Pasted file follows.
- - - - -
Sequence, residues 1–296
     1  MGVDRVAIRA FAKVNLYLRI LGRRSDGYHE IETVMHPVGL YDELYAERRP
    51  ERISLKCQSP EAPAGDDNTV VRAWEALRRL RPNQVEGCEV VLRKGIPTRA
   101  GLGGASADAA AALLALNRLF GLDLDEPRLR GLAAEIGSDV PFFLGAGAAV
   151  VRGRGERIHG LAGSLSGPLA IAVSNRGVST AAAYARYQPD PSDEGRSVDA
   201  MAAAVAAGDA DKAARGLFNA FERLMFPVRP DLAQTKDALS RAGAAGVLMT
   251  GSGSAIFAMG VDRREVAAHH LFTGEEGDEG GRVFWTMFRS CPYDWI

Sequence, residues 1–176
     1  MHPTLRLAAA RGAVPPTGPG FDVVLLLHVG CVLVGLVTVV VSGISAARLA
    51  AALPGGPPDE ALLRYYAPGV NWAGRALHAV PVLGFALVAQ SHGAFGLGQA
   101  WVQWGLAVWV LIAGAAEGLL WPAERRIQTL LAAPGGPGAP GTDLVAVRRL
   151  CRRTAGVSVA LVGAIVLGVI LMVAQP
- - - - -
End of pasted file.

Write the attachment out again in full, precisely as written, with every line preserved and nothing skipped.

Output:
Sequence, residues 1–296
     1  MGVDRVAIRA FAKVNLYLRI LGRRSDGYHE IETVMHPVGL YDELYAERRP
    51  ERISLKCQSP EAPAGDDNTV VRAWEALRRL RPNQVEGCEV VLRKGIPTRA
   101  GLGGASADAA AALLALNRLF GLDLDEPRLR GLAAEIGSDV PFFLGAGAAV
   151  VRGRGERIHG LAGSLSGPLA IAVSNRGVST AAAYARYQPD PSDEGRSVDA
   201  MAAAVAAGDA DKAARGLFNA FERLMFPVRP DLAQTKDALS RAGAAGVLMT
   251  GSGSAIFAMG VDRREVAAHH LFTGEEGDEG GRVFWTMFRS CPYDWI

Sequence, residues 1–176
     1  MHPTLRLAAA RGAVPPTGPG FDVVLLLHVG CVLVGLVTVV VSGISAARLA
    51  AALPGGPPDE ALLRYYAPGV NWAGRALHAV PVLGFALVAQ SHGAFGLGQA
   101  WVQWGLAVWV LIAGAAEGLL WPAERRIQTL LAAPGGPGAP GTDLVAVRRL
   151  CRRTAGVSVA LVGAIVLGVI LMVAQP